US 4360324 A
A pulsatile blood pump comprising a disposable power bladder of flexible and anticoagulative material which is provided with a suction port with an inlet check valve and a delivery port with an outlet check valve to constitute a blood pump unit and hermetically sealed container for receiving said blood pump unit, said container being connected to a pulsating mechanism and filled with a pressure transmissive fluid which is subjected to a pulsatile pressure generated by the pulsating mechanism to vary the volume of the power bladder for pulsatile blood delivery.
1. A pulsatile blood pump comprising a hermetically sealed housing, a disposable, substantially enclosed sac of anticoagulative material mounted in said housing, at least one portion of said sac being formed of highly flexible material, said sac being provided with a suction port having an inlet check valve and a delivery port having an outlet check valve to constitute a closed pump unit, said suction and delivery ports extending outwardly of said housing, a pressure transmissive fluid means located within said housing surrounding at least in part said highly flexible wall of said sac and drive means for generating a pulsatile pressure in said transmissive fluid to flex said highly flexible wall producing a pumping action in said sac having a delivery stroke and a suction stroke, said drive means comprising a cam mechanism including a disc rotatable about a central axis by said drive means and provided with an eccentric channel means for rotating said disc about a central axis, and means for converting the rotary motion of said disc into reciprocating motion comprising a follower member, a stroke control means connected to said follower member, a connecting rod and a piston communicating with said transmissive fluid, and torque reduction means adapted to render said suction and delivery stroke uniform, said torque reduction means including a rocking lever on which said follower member is mounted pivoted at one end to a fixed base member and engaging at its opposite end the eccentric channel and a resilient plunger fixedly secured within a cylinder having a connecting rod attached to said rocking lever.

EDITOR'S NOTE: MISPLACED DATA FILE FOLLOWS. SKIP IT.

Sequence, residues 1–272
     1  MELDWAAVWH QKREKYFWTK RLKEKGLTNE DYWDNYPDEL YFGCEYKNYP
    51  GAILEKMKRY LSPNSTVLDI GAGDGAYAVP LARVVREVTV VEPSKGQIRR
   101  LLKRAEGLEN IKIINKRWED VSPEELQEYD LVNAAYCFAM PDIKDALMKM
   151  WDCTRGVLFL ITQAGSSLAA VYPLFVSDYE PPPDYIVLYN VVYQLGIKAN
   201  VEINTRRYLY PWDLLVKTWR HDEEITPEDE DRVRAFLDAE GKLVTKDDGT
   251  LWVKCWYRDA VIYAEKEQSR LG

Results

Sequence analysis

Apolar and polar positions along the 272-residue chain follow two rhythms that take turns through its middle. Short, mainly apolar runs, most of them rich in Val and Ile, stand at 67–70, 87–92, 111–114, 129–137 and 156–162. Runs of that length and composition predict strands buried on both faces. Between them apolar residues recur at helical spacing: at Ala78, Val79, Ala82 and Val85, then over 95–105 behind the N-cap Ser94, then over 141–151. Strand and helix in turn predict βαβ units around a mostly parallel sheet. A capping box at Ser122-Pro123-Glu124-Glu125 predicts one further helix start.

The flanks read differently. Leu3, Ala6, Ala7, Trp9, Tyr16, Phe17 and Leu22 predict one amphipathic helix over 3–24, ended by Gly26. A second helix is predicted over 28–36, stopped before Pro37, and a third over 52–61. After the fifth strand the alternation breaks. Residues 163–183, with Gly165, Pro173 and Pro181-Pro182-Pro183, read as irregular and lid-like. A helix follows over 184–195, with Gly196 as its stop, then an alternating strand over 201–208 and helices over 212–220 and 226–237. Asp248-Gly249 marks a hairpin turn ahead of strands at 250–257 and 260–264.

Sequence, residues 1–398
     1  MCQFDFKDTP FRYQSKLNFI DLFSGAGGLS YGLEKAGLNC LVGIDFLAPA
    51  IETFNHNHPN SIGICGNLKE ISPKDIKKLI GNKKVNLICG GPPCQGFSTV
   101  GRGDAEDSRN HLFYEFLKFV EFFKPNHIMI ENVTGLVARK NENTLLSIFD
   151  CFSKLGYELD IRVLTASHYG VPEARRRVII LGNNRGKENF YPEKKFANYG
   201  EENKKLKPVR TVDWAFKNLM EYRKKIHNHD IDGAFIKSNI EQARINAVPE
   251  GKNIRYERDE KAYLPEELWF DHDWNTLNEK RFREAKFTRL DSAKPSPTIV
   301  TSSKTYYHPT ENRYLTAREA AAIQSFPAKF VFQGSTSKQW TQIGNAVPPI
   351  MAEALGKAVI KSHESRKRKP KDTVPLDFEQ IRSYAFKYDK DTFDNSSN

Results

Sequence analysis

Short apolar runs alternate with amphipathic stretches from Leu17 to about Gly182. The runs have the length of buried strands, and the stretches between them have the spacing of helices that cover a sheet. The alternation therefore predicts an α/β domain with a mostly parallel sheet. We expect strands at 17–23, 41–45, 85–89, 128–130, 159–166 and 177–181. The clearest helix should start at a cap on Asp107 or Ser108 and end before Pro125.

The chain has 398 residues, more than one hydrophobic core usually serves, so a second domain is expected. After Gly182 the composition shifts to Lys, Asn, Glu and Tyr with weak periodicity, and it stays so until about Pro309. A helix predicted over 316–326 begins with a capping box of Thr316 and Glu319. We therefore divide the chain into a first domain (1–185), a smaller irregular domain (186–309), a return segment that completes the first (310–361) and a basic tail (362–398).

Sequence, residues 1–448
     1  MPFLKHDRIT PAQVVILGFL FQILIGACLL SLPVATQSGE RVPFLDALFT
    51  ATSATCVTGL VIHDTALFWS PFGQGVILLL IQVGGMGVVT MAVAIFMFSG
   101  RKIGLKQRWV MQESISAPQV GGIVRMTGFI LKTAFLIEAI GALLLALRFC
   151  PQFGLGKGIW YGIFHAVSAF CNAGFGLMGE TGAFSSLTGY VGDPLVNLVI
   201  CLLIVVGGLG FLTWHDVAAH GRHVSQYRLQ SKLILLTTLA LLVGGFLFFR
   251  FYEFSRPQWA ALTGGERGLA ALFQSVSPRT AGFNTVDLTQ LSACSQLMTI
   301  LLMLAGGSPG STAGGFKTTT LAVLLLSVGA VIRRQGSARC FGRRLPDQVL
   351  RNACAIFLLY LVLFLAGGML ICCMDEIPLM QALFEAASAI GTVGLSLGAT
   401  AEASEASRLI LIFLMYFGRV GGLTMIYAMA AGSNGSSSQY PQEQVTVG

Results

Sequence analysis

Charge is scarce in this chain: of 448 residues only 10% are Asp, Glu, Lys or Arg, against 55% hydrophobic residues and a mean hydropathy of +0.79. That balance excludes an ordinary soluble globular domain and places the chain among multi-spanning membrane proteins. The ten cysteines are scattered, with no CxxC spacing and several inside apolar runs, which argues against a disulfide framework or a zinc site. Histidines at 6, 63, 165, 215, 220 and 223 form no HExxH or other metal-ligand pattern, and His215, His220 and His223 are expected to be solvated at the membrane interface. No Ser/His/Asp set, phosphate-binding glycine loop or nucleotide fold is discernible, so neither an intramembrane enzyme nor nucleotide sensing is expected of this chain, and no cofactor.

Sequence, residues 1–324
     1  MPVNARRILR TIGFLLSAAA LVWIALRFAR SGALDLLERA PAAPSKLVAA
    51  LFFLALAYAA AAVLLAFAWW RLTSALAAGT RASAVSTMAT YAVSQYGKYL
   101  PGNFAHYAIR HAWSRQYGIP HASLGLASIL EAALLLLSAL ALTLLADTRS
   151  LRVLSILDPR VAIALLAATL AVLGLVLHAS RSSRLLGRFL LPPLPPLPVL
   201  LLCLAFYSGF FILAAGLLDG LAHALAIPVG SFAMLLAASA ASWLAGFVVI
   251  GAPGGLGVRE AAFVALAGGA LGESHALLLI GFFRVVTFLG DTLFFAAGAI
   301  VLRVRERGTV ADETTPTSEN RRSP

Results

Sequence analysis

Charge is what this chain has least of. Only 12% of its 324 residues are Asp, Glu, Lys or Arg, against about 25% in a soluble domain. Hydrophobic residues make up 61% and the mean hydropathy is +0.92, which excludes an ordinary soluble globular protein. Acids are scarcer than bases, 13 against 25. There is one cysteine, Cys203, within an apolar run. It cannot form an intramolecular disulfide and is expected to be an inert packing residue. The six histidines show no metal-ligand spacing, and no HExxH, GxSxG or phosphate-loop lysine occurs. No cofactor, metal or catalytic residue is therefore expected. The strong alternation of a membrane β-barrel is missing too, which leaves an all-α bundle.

2. A pulsatile blood pump as claimed in claim 1, wherein the cam piece is replaceable and has a different shape to produce a different motion conformable to the physiological pulse intrinsic to a different patient.
3. A pulsatile blood pump as claimed in claim 1, wherein said resilient member comprises a fixed sleeve and a coil spring received in said sleeve member concentrically arranged about said piston.
4. A pulsatile blood pump as claimed in any of claims 2, 1, or 3, wherein the power bladder comprises a U-shaped elongated tube and the suction and delivery ports thereof are flanged connectors detachably secured to one wall of the housing.
This is a continuation-in-part of Ser. No. 773,602 now abandoned filed Mar. 2, 1977.
The present invention relates to an improved pulsatile blood pump and more particularly a blood circulating pump which is adapted for surgical heart treatments.
Recently, various extracorporeal heart devices with blood pump have been proposed to circulate the blood through an extracorporeal circuit in an open heart surgery such as a cardiac transplantation.
Hitherto, a blood pump of the type referred to has been arranged so that an elastic sleeve is engaged with a plurality of rollers which turn at a predetermined velocity for squeezing the sleeve to obtain a desired transfer of the blood.
The circulation of the blood should physiologically be pulsatory like the human heart pulsation and in this view a pump of ordinary type which operates at a constant flow rate should not be used to transfer the blood for the prolonged period as it undesirably affects the flow characteristics of the vascular system.
To overcome many difficulties and inconveniences in the conventional blood pumps, it has been proposed for instance to use a reciprocating pump as generally employed in mechanically oriented industry for obtaining a desired pulsatile blood flow or a tube pump in which the turning motion of the roller in engagement with the sleeve pump chamber is variably controlled to obtain a desired pulsatile blood flow.
However, in the reciprocating pump of the type referred to an intricate vascular flow is likely caused with undesired stagnation and oscillation of the blood resulting in developments of undesired blood-destruction (hemolysis) and coagulation. While, the tube pump needs an intricate and uneconomical control means for producing a desired pulsatile blood flow approximate to the physiological pulsation.